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Bird Flu Confirmed at Second Hawkesbury Farm

Jun 23, 2024

More than 320,000 chickens will be destroyed in the Hawkesbury region this week to prevent the spread of bird flu, following confirmation of the disease at a second poultry farm.

The CSIRO’s Australian Centre for Disease Preparedness confirmed the presence of the H7N8 strain at the second property, NSW Agriculture Minister Tara Moriarty said on Saturday.

The affected farm lies within a restricted biosecurity zone, just 1.5km from the initially infected farm in Freemans Reach where the virus was first detected on Wednesday. The two strains found in Hawkesbury are identical but differ from the virus affecting farms in Victoria.

Authorities estimate it will take up to a week to cull 240,000 birds at the first farm and approximately 87,000 birds at the second.

Moriarty emphasised that the H7N8 strain found in NSW is not the H5N1 strain causing global concern.

“Proactive surveillance from the NSW Government’s Biosecurity Incident Response team has confirmed a second case of High Pathogenic Avian Influenza (HPAI) on a poultry farm within the Hawkesbury biosecurity control zone,” Moriarty said. “The CSIRO’s Australian Centre for Disease Preparedness has verified a positive result for HPAI H7N8. This farm is located within the restricted zone, 1.5km from the first infected site identified on June 19. The virus here is different from the one impacting farms in Victoria. Importantly, the NSW cases are not the H5N1 strain causing global concern.”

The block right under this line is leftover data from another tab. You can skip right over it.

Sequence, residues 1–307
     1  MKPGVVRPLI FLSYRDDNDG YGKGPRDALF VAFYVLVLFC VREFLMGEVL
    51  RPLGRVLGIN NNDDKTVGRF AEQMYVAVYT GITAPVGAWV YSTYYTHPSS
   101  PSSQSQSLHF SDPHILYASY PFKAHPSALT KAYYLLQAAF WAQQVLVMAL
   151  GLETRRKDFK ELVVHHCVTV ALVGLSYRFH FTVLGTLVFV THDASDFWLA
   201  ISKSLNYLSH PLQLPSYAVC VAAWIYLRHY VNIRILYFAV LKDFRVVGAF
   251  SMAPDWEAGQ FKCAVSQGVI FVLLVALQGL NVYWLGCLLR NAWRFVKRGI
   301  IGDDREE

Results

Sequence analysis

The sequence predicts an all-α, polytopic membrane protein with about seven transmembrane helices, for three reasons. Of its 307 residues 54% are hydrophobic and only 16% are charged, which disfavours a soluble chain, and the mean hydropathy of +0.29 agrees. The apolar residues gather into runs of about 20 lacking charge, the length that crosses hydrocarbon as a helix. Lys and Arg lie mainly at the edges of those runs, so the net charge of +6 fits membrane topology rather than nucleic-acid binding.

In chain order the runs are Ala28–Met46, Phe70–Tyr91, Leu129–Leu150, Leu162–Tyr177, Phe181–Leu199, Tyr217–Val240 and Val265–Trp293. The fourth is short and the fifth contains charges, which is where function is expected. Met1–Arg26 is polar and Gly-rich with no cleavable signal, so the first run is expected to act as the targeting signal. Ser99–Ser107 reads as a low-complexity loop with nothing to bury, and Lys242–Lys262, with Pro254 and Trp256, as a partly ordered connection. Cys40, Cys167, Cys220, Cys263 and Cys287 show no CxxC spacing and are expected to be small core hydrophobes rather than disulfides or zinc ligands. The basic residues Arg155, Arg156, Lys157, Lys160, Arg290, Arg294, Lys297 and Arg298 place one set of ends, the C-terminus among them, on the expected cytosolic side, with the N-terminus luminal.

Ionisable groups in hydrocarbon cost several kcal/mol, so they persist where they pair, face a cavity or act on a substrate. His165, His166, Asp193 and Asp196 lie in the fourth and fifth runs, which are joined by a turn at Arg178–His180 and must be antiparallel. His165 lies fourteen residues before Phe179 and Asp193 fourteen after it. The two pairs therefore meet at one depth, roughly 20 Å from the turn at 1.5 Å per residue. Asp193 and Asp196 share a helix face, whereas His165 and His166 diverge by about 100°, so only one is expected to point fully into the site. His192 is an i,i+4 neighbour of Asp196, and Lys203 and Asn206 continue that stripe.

The Minister stated that the swift response from biosecurity teams enabled rapid surveying, testing, and detection of the second site, which had been locked down since June 19.

“This type of avian influenza is highly infectious in commercial poultry, and detecting sites within the control zone was always a possibility. The Government will continue testing at various sites,” she added.

The biosecurity team is collaborating closely with the poultry industry under established national response protocols to manage the outbreak. Moriarty acknowledged the industry’s cooperation, which has been crucial in handling the situation.

Eggs and poultry meat remain safe for consumption if handled and cooked properly. The culling process, overseen by biosecurity officers, will take around seven days to complete and affect approximately 87,000 birds.

Authorities urge the public to report any sick or dead birds, including domestic poultry or wild birds, by calling the Emergency Animal Disease Hotline at 1800 675 888.

 

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